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RUPERT DEAKIN, M.A.,
HEADMASTER OF KING EDWARD'S GRAMMAR SCHOOL, STOURBRIDGE.
INTRODUCTORY COURSE OF DRAWING AND MEASUREMENT;
AND PROBLEMS ON PRACTICAL GEOMETRY.
Third Impression (Second Edition).
LONDON: W. B. CLIVE,
Unibersity. Tutorial (Prebs L.
(University Correspondence College Press),
INTRODUCTORY COURSE OF DRAWING AND
The instruments required in this course are compasses, a flat ruler, set squares, and a protractor; dividers and parallel rulers will also be found useful. The ruler should have a scale of inches and tenths of an inch on one edge, and a scale of millimetres on the other edge.
Numerical answers are given in many cases to three significant figures, but with these instruments the third figure can seldom be estimated correctly.
In many of the problems it may be advisable for the teacher to help the class by rough sketches on the board.
1. The student must first learn the meanings of the words circle, centre, radius, diameter, triangle, base, side, vertex. See Definitions 15, 16, 17, and 21 on pages 4 and 6. Look at the different shapes of the triangles on page 6.
We shall frequently use the symbol A for triangle, and the symbol " for inches ; also the abbreviations cm. and mm. for centimetres and millimetres.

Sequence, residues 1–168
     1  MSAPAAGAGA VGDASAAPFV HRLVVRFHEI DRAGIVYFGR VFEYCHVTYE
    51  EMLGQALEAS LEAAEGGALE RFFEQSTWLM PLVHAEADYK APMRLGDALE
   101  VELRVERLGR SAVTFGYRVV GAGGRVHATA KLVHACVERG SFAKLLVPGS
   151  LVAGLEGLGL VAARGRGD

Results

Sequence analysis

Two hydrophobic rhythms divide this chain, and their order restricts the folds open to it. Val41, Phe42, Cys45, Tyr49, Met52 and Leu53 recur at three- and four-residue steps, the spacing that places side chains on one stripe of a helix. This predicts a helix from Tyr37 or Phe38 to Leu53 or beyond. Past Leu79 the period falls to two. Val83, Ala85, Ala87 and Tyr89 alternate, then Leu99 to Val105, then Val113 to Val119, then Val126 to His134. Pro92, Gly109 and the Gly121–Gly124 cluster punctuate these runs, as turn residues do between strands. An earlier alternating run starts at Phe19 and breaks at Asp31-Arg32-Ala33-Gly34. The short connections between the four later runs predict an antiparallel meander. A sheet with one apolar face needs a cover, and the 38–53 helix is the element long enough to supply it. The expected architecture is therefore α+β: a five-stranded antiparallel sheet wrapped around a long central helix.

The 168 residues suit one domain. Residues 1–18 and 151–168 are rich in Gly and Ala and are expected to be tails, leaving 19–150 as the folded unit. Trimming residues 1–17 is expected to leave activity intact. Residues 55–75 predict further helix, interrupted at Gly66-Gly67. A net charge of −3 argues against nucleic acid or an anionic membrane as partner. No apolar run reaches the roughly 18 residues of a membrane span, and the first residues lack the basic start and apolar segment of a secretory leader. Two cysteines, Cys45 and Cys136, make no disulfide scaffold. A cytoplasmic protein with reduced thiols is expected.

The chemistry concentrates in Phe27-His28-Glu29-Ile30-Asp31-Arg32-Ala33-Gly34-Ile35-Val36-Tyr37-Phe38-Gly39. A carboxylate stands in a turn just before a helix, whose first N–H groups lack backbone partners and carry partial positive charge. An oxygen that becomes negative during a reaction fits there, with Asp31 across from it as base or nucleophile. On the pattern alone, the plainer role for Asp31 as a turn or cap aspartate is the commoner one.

Problem I.—To construct a triangle, given its three sides.
Construct a triangle having its base 2 inches long, its left side
с 1 inch long, and its right side 1.6 inches long.
16" Draw the base AB of length
A 2" B 2 inches [Fig. 1]. Describe a circle with centre A and radius 1 inch. Describe a circle with centre B and radius 1.6 inches. Take the point C above AB where
Fig. 1. the circles cut one another, and join it to A and B by straight lines. ABC will be the required triangle.
For the side AC is a radius of the left hand circle and is therefore 1 inch long; and the side
16" BC is a radius of the right hand circle and is therefore 1.6 inches long.
B It is not necessary to draw the complete circles, but only the parts of the circles (or “arcs”') in the neighbourhood of the point c. See Fig. 2.
Note that by turning a triangle round we may regard any side as the base.